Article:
Near-field monitors are by far the most common speakers for mixing. These are reasonably small, accurate speakers that are designed for a close listening distance (usually about 3–6') at moderate volumes. There are many different brands and models of near-field monitors available, and the prices vary greatly. It is advisable to buy the best quality monitors your budget will allow because all decisions about your mix will be based on their reproduction. The most important thing, however, is to know the monitors you have. It is a good idea to frequently listen to well produced music though your monitors to know how a good mix sounds through them.
In addition to near-field monitors, most studios will have at least two other listening devices, usually a pair of large speakers with good bass response and a small, cheap stereo. While the engineer will spend most of the time mixing on the near-field monitors, he or she will check the mix on the alternate speakers periodically during the mix. The mix should also be checked on headphones, but it is inadvisable to use headphones as a primary monitoring source because the proximity of the speaker to the ear strongly affects perception of tonal and spatial characteristics.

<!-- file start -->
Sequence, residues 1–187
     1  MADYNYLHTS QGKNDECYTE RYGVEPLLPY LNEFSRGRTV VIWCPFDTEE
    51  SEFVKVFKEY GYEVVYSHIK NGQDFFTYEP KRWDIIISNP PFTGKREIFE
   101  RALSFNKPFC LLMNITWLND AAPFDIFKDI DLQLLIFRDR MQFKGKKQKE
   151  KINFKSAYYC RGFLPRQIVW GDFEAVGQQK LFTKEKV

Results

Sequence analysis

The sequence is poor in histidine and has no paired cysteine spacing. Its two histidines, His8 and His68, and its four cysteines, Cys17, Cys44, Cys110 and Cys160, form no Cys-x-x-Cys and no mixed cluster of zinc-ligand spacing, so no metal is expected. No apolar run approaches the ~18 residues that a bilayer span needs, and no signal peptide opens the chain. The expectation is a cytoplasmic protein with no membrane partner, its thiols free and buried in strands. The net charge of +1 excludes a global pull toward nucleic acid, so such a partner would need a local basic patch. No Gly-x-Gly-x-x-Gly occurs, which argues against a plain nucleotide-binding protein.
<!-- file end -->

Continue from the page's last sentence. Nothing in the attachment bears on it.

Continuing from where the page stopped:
The ideal mix position creates an equilateral triangle, with the engineer’s head and the two monitors making up the three points (see Fig. 58). Vertically, the engineer’s ears should be even with the midpoint between the woofer and the tweeter of the monitors.